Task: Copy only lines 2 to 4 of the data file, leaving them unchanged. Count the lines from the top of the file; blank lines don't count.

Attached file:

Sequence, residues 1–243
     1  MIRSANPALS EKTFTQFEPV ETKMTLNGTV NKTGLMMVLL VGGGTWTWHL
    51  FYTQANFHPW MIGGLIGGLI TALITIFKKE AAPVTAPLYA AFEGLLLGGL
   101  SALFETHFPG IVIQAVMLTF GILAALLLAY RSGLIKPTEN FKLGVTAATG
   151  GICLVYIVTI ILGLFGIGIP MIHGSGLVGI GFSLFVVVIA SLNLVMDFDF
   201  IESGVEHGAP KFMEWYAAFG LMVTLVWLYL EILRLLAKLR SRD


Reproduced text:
     1  MIRSANPALS EKTFTQFEPV ETKMTLNGTV NKTGLMMVLL VGGGTWTWHL
    51  FYTQANFHPW MIGGLIGGLI TALITIFKKE AAPVTAPLYA AFEGLLLGGL
   101  SALFETHFPG IVIQAVMLTF GILAALLLAY RSGLIKPTEN FKLGVTAATG